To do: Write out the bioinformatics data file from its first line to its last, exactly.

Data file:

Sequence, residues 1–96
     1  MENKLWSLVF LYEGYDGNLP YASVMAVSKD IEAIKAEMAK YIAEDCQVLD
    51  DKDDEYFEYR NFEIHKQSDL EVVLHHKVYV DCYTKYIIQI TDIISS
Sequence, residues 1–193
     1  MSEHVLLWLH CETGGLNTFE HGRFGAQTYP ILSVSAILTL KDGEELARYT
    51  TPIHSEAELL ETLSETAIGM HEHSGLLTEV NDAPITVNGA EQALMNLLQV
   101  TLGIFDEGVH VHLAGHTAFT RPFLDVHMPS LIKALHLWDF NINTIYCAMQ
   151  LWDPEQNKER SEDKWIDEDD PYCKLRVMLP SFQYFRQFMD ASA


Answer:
Sequence, residues 1–96
     1  MENKLWSLVF LYEGYDGNLP YASVMAVSKD IEAIKAEMAK YIAEDCQVLD
    51  DKDDEYFEYR NFEIHKQSDL EVVLHHKVYV DCYTKYIIQI TDIISS
Sequence, residues 1–193
     1  MSEHVLLWLH CETGGLNTFE HGRFGAQTYP ILSVSAILTL KDGEELARYT
    51  TPIHSEAELL ETLSETAIGM HEHSGLLTEV NDAPITVNGA EQALMNLLQV
   101  TLGIFDEGVH VHLAGHTAFT RPFLDVHMPS LIKALHLWDF NINTIYCAMQ
   151  LWDPEQNKER SEDKWIDEDD PYCKLRVMLP SFQYFRQFMD ASA